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Education for Spiritual, Moral, Social and Cultural Development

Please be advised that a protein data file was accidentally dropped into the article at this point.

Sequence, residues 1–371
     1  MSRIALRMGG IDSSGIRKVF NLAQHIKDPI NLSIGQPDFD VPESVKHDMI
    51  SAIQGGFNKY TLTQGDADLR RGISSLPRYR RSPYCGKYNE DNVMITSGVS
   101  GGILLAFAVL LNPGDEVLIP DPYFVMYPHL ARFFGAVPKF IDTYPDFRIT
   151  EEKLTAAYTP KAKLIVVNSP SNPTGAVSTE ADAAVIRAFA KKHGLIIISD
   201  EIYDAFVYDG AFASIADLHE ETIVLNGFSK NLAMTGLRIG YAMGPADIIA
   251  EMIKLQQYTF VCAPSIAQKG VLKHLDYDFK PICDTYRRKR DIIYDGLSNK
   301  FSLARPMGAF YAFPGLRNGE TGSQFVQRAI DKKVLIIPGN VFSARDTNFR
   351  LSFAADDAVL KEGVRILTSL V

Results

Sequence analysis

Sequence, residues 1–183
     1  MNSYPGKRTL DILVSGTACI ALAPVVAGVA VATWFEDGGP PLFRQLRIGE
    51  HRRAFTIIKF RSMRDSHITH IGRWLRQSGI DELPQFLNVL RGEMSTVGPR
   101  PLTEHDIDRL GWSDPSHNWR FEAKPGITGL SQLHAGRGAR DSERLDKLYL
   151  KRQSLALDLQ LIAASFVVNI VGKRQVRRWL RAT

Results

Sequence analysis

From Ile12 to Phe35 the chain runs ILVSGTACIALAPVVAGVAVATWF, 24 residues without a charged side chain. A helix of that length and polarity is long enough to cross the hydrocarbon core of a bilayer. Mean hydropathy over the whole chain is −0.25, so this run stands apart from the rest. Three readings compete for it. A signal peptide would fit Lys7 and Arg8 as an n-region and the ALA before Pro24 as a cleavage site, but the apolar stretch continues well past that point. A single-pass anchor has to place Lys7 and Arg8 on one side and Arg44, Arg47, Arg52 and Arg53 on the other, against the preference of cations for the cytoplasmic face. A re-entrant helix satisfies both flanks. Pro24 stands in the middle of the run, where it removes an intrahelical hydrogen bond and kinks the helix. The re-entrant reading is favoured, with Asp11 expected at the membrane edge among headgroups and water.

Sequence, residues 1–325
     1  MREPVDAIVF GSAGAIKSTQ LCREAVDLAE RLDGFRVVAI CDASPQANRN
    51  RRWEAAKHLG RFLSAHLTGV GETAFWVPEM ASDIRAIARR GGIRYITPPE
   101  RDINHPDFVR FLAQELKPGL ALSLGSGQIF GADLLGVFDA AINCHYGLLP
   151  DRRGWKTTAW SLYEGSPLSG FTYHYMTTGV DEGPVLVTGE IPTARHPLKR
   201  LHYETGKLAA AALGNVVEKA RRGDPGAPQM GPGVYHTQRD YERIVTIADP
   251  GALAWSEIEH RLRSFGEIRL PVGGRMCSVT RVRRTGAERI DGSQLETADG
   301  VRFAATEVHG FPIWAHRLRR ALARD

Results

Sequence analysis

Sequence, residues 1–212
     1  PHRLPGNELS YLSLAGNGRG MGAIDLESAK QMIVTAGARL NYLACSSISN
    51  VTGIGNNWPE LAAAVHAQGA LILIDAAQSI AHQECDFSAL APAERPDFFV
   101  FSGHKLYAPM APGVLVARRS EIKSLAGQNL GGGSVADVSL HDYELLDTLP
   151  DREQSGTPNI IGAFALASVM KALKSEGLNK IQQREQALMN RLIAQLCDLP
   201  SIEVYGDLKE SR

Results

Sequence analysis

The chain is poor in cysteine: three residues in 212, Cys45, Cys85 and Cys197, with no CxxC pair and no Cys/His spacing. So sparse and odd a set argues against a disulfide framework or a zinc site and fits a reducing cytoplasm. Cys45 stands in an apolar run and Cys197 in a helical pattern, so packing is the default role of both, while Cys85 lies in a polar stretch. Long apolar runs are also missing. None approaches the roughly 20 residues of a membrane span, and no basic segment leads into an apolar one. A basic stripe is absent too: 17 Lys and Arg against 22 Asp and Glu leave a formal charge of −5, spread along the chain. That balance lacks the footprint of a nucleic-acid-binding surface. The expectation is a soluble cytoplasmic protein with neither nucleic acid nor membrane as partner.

Education for Spiritual, Moral, Social and Cultural DevelopmentThe much-quoted second paragraph of the 1988 Education Act asserts that the school curriculum should be one that is a balanced and broadly-based curriculum which - (a) promotes the spiritual, moral, cultural, mental and physical develop-ment of pupils and of society; and (b) prepares such pupils for the opportunities, responsibilities and experiences of adult life. This statement stresses the education of the whole person, rather than merely the cognitive domain which we associate with 'book learning', 'school work' and so on. It identifies four other domains - the physical, moral, spiritual and cultural - which schools must develop if they are fully to discharge their obligations under the Act, and it asserts that pupils should not merely be 'educated' in the conventional sense of acquiring 'book learning', passing examinations and acquiring certificates. They should be prepared for what will confront them as the 'opportunities, responsibilities and experiences of adult life'. While the desirability of such an aim is difficult to dispute, what it might mean in practice is less easy to say. As adults, we know that adult life includes many opportunities including opportunities to apply for jobs (but not necessarily get them); to enter marriage (but also opportunities to leave marriage); to fall in love (more than once, but also to fall out of love, even to fall into hate with another person); to participate in the electoral and judicial systems of our society (to stand for election, to serve on a jury); to seek ownership of property and the accumulation of wealth (but also opportunities to swindle, defraud and misappropriate property and wealth); to serve the community (but also to undermine the community through antisocial behaviour); to help those less fortunate than ourselves (but also opportunities to dominate and exploit them).